Due to zoning problems with the city of Kingman, Wal-Mart has failed to close escrow on land purchased from Mohave County for building a superstore.
Wal-Mart bid $652,500 for 11.5 acres at a public auction held May 5 and paid a $70,000 non-refundable earnest deposit.
The remainder of the $652,000, which was to have been paid Aug.
4 to close on the property, has not been received by the county, leaving Mohave County District 1 Supervisor Pete Byers wondering what the county's next move should be.
The property was sold with no contingencies, other than granting Wal-Mart extensions of 45 days and 90 days.
The extensions were granted to allow Wal-Mart time to get approval from the city to rezone the 11.5 acres from open space to commercial.
Wal-Mart has asked for yet another extension, Byers said, to continue to work out zoning problems.
The matter will go before Mohave County Board of Supervisors during their Sept.
"Wal-Mart asked me to put it on the Sept.
They asked to extend the time to close escrow to Sept.
30," Byers said.
"It is a dilemma.
They haven't paid for the property.
"If we don't give them the extension so they can get zoning, it will never close, and the property will literally be worth nothing."
Byers said that without the proper zoning to build a superstore, Wal-Mart probably will not want to pay for the property.
When contacted Monday, Wal-Mart Stores Inc.
community affairs manager Peter Kanelos confirmed that Wal-Mart has asked for another extension to close escrow on the property.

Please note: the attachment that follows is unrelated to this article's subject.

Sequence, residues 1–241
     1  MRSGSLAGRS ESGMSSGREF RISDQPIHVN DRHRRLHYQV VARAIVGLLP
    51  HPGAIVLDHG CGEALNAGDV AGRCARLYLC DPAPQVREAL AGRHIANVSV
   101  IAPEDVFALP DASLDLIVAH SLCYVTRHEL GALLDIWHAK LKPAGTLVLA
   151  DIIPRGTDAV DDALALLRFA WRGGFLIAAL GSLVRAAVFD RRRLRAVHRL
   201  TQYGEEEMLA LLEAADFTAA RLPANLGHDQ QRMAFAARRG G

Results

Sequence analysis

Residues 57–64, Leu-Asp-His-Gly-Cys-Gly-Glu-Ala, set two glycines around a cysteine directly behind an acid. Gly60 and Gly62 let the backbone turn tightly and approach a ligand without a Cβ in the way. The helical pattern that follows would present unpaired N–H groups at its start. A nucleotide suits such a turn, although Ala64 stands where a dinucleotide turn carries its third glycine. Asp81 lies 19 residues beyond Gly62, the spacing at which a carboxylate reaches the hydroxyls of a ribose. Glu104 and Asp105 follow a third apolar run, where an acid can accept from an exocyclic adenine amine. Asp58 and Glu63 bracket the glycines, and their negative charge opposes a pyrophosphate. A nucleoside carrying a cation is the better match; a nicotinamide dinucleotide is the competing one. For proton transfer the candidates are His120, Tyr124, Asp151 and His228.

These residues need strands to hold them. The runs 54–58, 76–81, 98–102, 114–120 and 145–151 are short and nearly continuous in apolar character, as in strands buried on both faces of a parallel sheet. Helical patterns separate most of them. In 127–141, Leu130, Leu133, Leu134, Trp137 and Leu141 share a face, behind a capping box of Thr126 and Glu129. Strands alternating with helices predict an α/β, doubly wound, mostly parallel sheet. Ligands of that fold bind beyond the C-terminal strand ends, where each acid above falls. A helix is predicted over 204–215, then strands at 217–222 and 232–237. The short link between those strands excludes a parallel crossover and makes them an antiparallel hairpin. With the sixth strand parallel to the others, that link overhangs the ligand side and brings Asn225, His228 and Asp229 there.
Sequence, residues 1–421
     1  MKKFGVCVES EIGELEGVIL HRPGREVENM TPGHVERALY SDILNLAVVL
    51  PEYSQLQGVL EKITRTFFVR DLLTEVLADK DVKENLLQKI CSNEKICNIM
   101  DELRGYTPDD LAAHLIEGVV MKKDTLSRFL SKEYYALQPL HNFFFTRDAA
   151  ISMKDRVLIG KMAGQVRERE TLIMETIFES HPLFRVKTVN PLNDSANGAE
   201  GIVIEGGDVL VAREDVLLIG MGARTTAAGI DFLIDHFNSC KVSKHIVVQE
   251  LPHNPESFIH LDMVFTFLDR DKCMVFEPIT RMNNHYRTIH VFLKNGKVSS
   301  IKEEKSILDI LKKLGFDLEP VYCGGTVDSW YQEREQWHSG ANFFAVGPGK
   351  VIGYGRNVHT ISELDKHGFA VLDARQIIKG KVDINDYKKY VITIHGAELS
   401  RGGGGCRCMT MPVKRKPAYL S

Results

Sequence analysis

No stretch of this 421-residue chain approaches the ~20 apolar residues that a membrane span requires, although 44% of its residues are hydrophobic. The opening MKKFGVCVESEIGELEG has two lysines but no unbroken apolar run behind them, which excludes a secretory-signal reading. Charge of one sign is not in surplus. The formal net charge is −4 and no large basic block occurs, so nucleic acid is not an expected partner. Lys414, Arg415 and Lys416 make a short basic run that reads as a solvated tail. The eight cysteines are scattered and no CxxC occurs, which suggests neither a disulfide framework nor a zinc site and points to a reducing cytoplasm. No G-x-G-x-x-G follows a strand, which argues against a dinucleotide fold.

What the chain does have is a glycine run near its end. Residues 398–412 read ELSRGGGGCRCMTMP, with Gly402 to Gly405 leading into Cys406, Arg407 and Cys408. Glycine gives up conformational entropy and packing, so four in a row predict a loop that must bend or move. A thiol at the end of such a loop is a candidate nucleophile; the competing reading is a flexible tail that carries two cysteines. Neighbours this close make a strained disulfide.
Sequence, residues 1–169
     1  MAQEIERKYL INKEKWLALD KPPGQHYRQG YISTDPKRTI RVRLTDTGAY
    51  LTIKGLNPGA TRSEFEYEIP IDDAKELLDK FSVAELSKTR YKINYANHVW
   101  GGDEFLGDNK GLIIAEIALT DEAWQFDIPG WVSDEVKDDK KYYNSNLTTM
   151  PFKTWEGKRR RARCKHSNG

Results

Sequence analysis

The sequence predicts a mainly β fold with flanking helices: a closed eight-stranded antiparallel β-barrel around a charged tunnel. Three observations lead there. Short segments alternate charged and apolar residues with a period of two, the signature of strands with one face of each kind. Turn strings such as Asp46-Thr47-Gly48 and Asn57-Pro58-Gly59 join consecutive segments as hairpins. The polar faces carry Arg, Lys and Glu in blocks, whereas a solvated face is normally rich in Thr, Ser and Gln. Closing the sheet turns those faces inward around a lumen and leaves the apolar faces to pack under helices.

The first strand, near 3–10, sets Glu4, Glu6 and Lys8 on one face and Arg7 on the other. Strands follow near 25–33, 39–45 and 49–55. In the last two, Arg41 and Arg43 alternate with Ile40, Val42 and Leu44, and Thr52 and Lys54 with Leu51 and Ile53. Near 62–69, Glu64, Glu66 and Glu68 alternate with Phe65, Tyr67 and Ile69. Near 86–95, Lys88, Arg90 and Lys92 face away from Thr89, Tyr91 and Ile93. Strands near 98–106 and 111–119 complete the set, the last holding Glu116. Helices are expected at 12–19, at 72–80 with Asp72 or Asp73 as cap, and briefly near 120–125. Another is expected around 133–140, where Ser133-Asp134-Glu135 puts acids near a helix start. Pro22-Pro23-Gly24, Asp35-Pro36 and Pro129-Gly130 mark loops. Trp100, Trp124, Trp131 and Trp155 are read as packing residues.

"It is my hunch land deals are contingent on the approval of zoning, on the deal going through," Kanelos said.
4 was the date Wal-Mart agreed to close on the Beverly Avenue property.
Byers said, "We could take the earnest deposit and it would never close.
Then what is the property worth?
"It also wouldn't be in the best interest of the county," he said.
The superstore would be built between Stockton Hill Road and Mohave Wash south of Airway Avenue, just north of the current Wal-Mart along Beverly Avenue.
Smith's Food and Drug protested the Wal-Mart rezoning after the matter was considered by the Kingman Planning and Zoning Commission.
Smith's is the only private landowner that could have filed a protest over a common boundary to the 11.5 acres Wal-Mart needs.
Three other adjoining private parcels already have been zoned commercial, and Wal-Mart has an option to buy those parcels for its superstore site.
Wal-Mart failed to obtain rezoning for the 11.5 acres when two Kingman City Council members voted against the request, citing concerns for traffic and lost jobs in competing grocery stores.
The council vote was 5-2 in favor of Wal-Mart, but approval by at least a 6-1 vote was needed because a protest had been filed.
The vote was controversial, and a group of citizens is gathering signatures for the recall of councilmen Frank McVey and Ray Lyons.
Byers said he does not agree with the recall and that he is hoping that zoning problems can be solved.
"I'm sure if those issues were addressed, planning and zoning would consider this spot," he said.
Byers said the Wal-Mart superstore is needed in Kingman and that it could tempt other stores to the area.
"It we had stores here, people would stay here to shop," he said.
"It has nothing to do with Wal-Mart's business practices.
I believe in a free enterprise system.
If you don't like their business practices don't shop there."